Concerns that New Zealanders and Australians are paying over the odds for software, digital entertainment and computer gadgets are back under the spotlight.
Labour has accused the Ministry of Business, Innovation and Employment (Mobie) of failing to produce a report on IT pricing that was ordered by the Commerce select committee as multinationals and consumer groups traded fresh blows in Australia.
The Commerce select committee ordered the briefing paper last August, amid claims Kiwis were being ripped off for software, music downloads, games, other digital products and computer equipment.
Labour MP Clare Curran said the report, which was delivered on Thursday, amounted to a one-page letter from Commerce Minister Craig Foss and Communications Minister Amy Adams summarising discussions they had with Microsoft, Apple, IBM and Adobe late last year, rather than an independent report from officials.
"It appears the ministry has not done what it was asked to do," she said. "It shows there is either a disregard for the committee's wishes, or they are being given instructions from higher up."
The committee's interest was originally sparked by what was dubbed the "IT price gouging inquiry", ordered by Australia's previous Labor government. It found Australian consumers and businesses were commonly paying 50 per cent more than technology multinationals charged in the United States for the same products.
Outrage was stoked across the Tasman when executives from Apple, Microsoft and Adobe had to be subpoenaed before they would appear in front of the House of Representatives' standing committee which ran the inquiry.
Green MP Gareth Hughes claimed in August that 100 common hardware and software products cost, on average, 46 per cent more in New Zealand than in the US. Microsoft Office 365 cost $165, versus $124 in the US, and Apple iMac computers could be $500 more expensive, he said.
Foss said he believed pricing was heading in the right direction. "When you scratch away at some of the price comparisons you see, some are not as robust as they first appear. By and large with regard to ‘weightless' goods and services, we are seeing a convergence between New Zealand and international pricing."
The launch of all-you-can-eat streaming music services such as Spotify and Rdio, the announcement of subscription video-on-demand television services by Sky Television and Telecom, and the movement of software to the cloud were all positive developments, he said.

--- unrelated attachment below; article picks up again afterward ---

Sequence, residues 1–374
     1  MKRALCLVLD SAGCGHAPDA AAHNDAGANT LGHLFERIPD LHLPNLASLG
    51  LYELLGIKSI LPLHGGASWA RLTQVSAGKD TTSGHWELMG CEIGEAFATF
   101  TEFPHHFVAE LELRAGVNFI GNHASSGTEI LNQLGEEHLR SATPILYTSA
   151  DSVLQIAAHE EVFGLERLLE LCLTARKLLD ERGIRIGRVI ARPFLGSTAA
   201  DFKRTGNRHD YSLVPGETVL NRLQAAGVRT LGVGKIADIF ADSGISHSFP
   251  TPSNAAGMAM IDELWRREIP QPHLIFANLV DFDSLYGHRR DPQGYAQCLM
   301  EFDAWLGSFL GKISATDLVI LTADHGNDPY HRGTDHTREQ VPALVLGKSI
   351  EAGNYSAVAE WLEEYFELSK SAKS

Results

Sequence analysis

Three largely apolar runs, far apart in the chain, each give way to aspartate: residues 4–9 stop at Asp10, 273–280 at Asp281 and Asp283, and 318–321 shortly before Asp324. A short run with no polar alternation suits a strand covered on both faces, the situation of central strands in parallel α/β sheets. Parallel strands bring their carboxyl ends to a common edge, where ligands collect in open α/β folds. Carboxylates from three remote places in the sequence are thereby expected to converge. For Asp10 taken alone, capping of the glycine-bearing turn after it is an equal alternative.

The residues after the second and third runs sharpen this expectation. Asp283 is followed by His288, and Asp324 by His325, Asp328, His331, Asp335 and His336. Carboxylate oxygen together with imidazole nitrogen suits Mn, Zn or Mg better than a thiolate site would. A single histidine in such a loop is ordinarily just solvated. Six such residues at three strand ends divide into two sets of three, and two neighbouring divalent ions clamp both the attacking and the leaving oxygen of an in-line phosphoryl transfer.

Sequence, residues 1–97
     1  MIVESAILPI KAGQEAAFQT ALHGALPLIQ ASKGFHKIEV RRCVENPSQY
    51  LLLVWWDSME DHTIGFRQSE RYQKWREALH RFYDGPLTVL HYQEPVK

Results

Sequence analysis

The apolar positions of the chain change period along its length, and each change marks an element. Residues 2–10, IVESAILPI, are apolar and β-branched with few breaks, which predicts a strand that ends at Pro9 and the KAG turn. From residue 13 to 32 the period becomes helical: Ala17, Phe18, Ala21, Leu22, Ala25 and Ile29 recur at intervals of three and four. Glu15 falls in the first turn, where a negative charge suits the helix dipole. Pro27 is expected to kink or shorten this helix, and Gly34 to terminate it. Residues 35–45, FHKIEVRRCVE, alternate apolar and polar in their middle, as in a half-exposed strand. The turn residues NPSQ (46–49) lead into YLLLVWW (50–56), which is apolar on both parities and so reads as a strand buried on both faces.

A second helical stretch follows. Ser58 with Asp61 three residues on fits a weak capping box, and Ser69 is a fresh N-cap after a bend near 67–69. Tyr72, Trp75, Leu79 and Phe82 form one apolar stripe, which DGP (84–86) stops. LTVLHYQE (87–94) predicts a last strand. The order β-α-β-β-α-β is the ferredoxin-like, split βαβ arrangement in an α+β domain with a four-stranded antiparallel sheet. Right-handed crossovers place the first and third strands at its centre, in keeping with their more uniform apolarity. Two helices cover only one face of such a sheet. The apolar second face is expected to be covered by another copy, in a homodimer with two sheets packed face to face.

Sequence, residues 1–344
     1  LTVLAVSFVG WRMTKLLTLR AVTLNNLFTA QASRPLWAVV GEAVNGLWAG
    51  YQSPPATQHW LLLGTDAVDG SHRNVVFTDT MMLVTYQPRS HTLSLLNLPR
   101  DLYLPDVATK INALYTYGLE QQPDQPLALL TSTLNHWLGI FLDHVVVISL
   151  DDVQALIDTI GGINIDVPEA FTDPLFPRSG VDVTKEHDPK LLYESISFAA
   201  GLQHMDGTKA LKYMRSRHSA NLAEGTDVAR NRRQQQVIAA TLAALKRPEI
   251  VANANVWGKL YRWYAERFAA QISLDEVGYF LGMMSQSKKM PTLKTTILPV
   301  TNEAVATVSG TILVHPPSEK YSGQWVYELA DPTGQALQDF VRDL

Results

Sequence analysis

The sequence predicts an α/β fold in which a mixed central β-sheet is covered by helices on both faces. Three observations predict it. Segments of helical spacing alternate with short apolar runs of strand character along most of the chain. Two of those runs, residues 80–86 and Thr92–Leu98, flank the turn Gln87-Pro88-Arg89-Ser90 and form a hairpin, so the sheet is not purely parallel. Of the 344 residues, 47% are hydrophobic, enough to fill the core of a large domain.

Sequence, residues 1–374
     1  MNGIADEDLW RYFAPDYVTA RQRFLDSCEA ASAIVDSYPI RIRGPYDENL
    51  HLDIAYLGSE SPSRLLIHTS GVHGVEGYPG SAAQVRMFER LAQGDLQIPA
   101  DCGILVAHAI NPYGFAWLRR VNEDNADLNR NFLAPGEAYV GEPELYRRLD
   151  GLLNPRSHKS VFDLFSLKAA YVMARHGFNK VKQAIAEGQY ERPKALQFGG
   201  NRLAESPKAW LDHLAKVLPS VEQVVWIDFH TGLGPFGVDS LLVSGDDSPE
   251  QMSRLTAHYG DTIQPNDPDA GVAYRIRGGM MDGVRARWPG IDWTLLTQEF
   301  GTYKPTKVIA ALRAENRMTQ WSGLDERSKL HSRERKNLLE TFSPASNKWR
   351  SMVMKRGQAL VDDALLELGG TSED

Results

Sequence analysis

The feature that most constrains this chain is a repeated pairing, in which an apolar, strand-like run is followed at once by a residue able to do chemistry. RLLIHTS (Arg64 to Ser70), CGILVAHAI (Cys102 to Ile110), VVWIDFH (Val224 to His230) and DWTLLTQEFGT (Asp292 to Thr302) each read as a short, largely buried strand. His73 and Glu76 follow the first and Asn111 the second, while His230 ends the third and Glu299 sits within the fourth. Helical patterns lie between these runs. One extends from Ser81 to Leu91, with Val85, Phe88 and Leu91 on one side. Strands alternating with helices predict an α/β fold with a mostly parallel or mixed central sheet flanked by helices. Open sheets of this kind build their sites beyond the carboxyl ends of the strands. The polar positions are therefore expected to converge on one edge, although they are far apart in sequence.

US software-maker Adobe, which had been under the gun in Australia, said it brought the prices of its cloud-based software in Australia and New Zealand into line with its global pricing in February last year.
Curran questioned how the Government could know the problem was going away, given the ministry "had not done the work" she believed the committee had ordered. "If the ministers have only gone and spoken to the big players, how are they going to get a perspective on consumers' experiences?"
The row between consumer groups and technology multinationals in Australia flared up again after the Australian coalition government kicked off its first major review of competition law in 20 years.
An April consultation document drafted by the federal government drew attention to the findings of the IT price-gouging inquiry and questioned whether there might be a case to "regulate international price discrimination".
The Australian Information Industry Association (AIIA) said in response this month that such regulation would breach Australia's international treaty obligations and could cause foreign suppliers to abandon the Australian market.
The association said there were good reasons why firms charged different prices in different countries and even targeting "unjustified international price discrimination" would be a red-tape nightmare that could weaken rather than increase competition. "In a free market economy the ‘remedy' for unjustified or excessive pricing is competition, not regulation," it said.
The Australian Computer Society responded last week, saying the AIIA's claims didn't hold water.
"If we continue to be gouged compared to our overseas counterparts, innovation will be hindered, digital literacy will fall and we will be left behind in the march to a digital future," society president Alan Patterson said. "This will impact businesses large and small and could conceivably cost jobs, as digitally skilled workers become harder to find."
Foss said the society's concerns were valid and the New Zealand government was keeping a watching brief on the "very wide and far-reaching" review of competition law in Australia.
But he said New Zealand's software and gaming industries were performing well and queried whether regulation of price discrimination was realistic. "If you think about that, how on earth would you achieve it?"
Curran said Labour did not have the answers because it did not have the information. "I would have thought the ministry would be providing us with an independent report," she said.
The average mark-ups over US pricing reported by the Australian House of Representatives in July. Labour said it had expected Mobie to check whether similar mark-ups applied in New Zealand, but a report the ministry delivered on Thursday fell short. Professional software: 50 per cent. Computer hardware: 46 per cent. Digital music: 52 per cent. Computer games: 84 per cent. E-books: 16 per cent.
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